Wednesday, May 1, 2013

Pocket Objects

Objects in our pockets always tell a tale.  A quick inventory of the contents from someone's coat or pants pocket reveals more than just a collection of sometimes disjointed objects.  Often they provide a little snippet of life, a glimpse into what makes that person get up in the morning.  I am hoping that this initial set of seven photographs can be the catalyst for a new photographic series.
 Objects In The Pocket Of A Camera Bag
 Objects In The Pocket Of A Guitar Case
 Objects In The Left Pocket Of A Backpack
 Objects In The Center Pocket Of A Backpack
 Objects In The Right Pocket Of A Backpack
 Objects In The Seat Pack Of A Road Bicycle
Objects In The Pocket Of A Sport Jacket

Tuesday, April 9, 2013

Choice of Fuel

At some point in the past 14 years, there was an explosion of these energy bars that took place.  Before my 12 year haitus from competitive cycling, there was only Powerbar and Clif Bar, with no more than just a few flavors each.  I always hated Powerbars because of their texture but I consumed them nonetheless because they were quick sources of fuel.  Now, there's an entire side of a grocery aisle filled with bars of all varieties and nutritional content. I suspect it's only a matter of time before someone does a detailed timeline of when and how these all came into being.  Now that I'm back doing 2-hr rides, I know I need to consume these while on the bike so I figure I try a few different flavors.  Interestingly enough, Sprouts Market had every brand except for Powerbar.

Friday, February 22, 2013

Joshua Tree Obsession II

I first visited Joshua Tree in 1987, back when it was just a national monument.  My one and only visit.  It had since (in 1994) been designated a national park and I believe it's the closest one from our house in Rancho Cucamonga -- a short 90 mile drive.  In 1987, I did a bike ride through the park with my friends Paul and Carey, who I just met just a couple months prior at UCLA.  Needless to say, I didn't remember much of the terrain other than the presence of thousands of Joshua trees.  (I also remember suffering on that ride due with the 2800 ft elevation and the winds.) During a recent visit, I was reminded how truly unique this place is.  The landscape is like no other place on earth that I'm aware of.  These postcards are just a sampling of what's inside the park.

Monday, February 18, 2013

Ottmar Liebert at the Lewis Family Playhouse

I first heard him at the Music Plus store in West LA just off National Blvd in the early 90s.  The crisp nylon string melodies were catchy.  Barcelona Nights.  Nouveau Flamenco. Ottmar Liebert.  I bought the first 6 or so of his CD releases primarily because the music was easy to ingest.  It was good driving music that we played on countless road trips to bike races in the Southwest.  Utah, New Mexico, Arizona, Nevada.  At some point in the early 2000s, I just stopped listening to him altogether.  Boredom?  So when I found out that he was playing at the Lewis Family Playhouse in Rancho Cucamonga, I still wasn't sure I wanted to see him.  Do I go with the kids?  They've been to a lot of concerts but nothing that remotely resembles Liebert's genre.  But hey, I wanted to take them to the Playboy Jazz Festival this summer so this might be a good warmup.  No screaming vocal or loud distorted guitars.  Just very accomplished instrumentalists. As it turned out, the $28 ticket was a very good value since Liebert (and his backup band) played over 2 hours --which included a 20 minute intermission in the middle.  The kids have heard most of Liebert's material from the early releases since Maura and I would play them on road trips as well -- a continuation of a pre-kid tradition.  Besides enjoying the music, the other interesting discovery is the intimacy of the Lewis Family Playhouse as a venue.  No bad seats at all in the 560 they accommodate.  And the best part of all, I didn't have to pay the Ticketmaster ransom per ticket since all I had to do was pick them up at the box office.  Did I like Liebert's new stuff well enough to buy the newer releases?  Not likely.  But with good live music so hard to find in the 909, I had a good time and so did the kids.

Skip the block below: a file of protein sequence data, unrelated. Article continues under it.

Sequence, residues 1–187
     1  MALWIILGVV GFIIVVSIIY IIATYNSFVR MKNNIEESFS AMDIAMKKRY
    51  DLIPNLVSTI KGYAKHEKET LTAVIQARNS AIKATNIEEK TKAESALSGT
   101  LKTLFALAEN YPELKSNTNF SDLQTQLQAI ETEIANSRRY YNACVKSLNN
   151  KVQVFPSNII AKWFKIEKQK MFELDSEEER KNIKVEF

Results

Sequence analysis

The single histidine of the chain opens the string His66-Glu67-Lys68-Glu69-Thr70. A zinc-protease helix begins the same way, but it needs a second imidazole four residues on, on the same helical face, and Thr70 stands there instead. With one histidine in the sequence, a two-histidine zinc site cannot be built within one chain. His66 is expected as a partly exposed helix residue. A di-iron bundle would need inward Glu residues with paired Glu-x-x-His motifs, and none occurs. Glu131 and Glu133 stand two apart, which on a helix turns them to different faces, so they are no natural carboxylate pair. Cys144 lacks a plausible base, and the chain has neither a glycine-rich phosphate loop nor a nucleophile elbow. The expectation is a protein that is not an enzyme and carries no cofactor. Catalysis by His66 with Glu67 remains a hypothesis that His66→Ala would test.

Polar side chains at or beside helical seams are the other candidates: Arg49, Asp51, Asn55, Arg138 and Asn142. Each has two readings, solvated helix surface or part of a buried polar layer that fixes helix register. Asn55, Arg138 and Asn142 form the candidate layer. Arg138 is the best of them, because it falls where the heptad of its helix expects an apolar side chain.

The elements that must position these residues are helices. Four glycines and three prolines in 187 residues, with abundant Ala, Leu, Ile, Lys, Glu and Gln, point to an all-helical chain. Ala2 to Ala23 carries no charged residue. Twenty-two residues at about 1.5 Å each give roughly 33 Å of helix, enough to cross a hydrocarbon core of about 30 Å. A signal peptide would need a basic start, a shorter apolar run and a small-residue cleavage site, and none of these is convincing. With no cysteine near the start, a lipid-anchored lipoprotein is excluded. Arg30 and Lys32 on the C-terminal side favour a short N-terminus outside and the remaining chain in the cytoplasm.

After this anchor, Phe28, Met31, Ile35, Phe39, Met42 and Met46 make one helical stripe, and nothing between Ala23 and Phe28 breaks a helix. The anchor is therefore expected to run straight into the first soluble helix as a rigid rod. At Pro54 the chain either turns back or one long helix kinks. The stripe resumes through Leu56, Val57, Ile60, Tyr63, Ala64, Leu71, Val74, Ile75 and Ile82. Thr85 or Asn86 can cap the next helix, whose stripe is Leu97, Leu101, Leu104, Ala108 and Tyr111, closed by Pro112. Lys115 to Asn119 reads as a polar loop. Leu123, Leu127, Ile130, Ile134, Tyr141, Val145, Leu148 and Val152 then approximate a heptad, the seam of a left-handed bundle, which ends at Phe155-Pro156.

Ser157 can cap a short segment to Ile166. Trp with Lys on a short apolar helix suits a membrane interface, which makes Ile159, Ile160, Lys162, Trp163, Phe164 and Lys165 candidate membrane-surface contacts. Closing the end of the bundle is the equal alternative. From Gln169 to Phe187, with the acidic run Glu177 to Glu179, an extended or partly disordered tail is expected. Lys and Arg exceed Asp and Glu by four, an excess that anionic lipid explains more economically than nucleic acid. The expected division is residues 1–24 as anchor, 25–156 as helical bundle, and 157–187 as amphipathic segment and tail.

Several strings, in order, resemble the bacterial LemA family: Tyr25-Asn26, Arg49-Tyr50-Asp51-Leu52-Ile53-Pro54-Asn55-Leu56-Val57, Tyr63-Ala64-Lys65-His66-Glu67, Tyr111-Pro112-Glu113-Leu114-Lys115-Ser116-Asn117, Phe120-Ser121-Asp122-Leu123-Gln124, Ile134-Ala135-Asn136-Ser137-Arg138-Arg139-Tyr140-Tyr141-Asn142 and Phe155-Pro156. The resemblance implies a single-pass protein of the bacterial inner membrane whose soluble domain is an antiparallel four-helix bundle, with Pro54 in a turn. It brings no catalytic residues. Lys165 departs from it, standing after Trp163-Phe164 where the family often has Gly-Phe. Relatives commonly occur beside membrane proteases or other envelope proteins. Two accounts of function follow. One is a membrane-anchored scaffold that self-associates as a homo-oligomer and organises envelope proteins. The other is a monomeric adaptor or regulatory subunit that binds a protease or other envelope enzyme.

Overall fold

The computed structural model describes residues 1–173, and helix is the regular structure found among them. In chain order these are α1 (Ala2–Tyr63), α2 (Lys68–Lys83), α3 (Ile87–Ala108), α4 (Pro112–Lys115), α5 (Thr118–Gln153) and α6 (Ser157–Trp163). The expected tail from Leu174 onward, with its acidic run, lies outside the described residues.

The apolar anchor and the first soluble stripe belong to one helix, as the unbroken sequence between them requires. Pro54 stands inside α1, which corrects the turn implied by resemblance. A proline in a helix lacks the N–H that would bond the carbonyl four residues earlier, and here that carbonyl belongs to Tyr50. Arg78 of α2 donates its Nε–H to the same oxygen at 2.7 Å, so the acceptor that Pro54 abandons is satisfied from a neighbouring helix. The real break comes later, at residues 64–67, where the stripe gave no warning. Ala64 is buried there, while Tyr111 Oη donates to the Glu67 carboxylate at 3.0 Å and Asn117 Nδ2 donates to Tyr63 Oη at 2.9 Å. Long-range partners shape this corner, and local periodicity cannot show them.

Wednesday, February 13, 2013

Rage Against The Machine

Some of those that wear forces 
Are the same that burn crosses.